Tuesday, March 11, 2014
Sometimes the forces of change appear both impersonal and irresistible. Maine is getting older. Short of joining Ray Kurzweil in downing 157 pills every morning and recording our every thought in the chemical and digital quest for immortality, what can we possibly do about that?
Job growth in Maine is slower than it was 20 years ago and slower than in most other states in the nation. Short of adding 20,000 of us to the cast of North Woods Law and racing Duck Dynasty to the top of the reality TV charts, what can we possibly do about that?
Maine's civic institutions were established in the days of Jeffersonian democracy when households and businesses were largely the same thing, when new towns were established a day's ride from the last town and when government was when the "town fathers" got together every March to decide what public decisions needed to be made.
Today such local control has left us with far too many governmental institutions, each becoming more expensive as it struggles to maintain its place in a world where the lives of households and businesses extend far beyond 19th-century municipal boundaries. Short of undertaking yet another futile round of institutional "reorganization," what can we possibly do about that?
Well, given a little thought, maybe this force isn't so irresistible.
Most Maine communities consist of a selection of large entities, what some call anchor institutions -- major employers, municipal governments, schools, hospitals -- and a collection of small entities -- Main Street business enterprises and a wide variety of civic organizations, ranging from church groups to historical societies to fraternal organizations. The central challenge for Maine, I believe, is revitalizing the links between the large and the small institutions. Such community building, I am convinced, is the best way for Maine to address not just the problems of an obsolete, uneconomical system of government, but also the apparently unrelated demographic and economic problems.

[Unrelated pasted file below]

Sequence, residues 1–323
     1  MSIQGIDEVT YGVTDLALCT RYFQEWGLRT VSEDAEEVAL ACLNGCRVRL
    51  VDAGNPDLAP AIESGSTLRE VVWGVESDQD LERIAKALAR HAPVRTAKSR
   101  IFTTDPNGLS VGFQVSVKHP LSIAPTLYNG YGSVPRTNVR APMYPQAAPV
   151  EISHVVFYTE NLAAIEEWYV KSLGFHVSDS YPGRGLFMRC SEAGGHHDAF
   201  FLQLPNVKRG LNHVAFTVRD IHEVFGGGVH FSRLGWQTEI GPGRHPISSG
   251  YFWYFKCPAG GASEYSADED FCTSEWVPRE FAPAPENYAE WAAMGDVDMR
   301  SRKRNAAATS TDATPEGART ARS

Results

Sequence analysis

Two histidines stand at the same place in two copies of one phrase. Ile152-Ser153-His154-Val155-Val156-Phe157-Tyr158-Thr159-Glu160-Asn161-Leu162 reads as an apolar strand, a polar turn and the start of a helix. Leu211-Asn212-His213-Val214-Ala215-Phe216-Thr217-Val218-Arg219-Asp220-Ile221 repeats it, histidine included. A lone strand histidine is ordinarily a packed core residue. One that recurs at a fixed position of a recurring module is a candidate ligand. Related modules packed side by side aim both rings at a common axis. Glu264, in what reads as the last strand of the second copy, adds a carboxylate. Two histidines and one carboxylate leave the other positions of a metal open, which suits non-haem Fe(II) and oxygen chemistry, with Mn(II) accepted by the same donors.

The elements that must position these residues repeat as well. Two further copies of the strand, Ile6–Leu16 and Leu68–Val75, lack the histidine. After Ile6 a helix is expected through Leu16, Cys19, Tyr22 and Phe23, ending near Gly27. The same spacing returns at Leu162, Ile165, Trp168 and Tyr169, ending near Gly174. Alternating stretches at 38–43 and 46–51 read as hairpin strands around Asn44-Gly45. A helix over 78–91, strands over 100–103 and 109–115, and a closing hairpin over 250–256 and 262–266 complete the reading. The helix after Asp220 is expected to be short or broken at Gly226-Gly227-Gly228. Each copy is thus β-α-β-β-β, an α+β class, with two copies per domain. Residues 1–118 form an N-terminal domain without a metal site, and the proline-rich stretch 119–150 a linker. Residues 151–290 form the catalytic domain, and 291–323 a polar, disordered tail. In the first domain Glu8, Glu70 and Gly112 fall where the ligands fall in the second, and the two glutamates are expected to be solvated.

Maine's quality of place is a world-class resource. Thousands of relatively young "retirees" come here every year, even if only for part of the year, to establish new or extended lives in safe, amenity-filled communities set within a breathtakingly beautiful natural environment. Hundreds of young, bright, educated, potential employees would leave their traffic-clogged, expensive, dangerous urban centers if they could find good jobs in communities with first-rate schools.
Maine's traditional "major" employers have suffered huge job losses over the past generation as the toll of globalization has undercut our formerly low-cost manufacturers. At the same time, our new "major" employers (including both for-profit corporations and nonprofit hospitals, research institutions and universities) desperately search for the same bright, educated workers who would love to move here.
So what's the link? Where is the matchmaker? Who's going to be the straw that stirs the drink? Who's going to play Lily Tomlin's Ernestine and plug in the lines that just need to be connected? Who's going to make the first "one ringy-dingy"?
I don't know, but replacing both the resentment directed at outsiders "from away" and the scorn directed at insiders "stuck in obsolete traditions" has to be the place to start. We need employers to become engaged in schools, and selectmen to welcome seasonal residents as valued constituents and Main Street businesses to see municipal officials as colleagues rather than obstacles.
We need to look on new residents not merely as taxpayers and potential donors but as successful participants in the global economy whose experience and wisdom are welcome additions to the way we hope life will become.
Charles Lawton is chief economist for Planning Decisions Inc. He can be reached at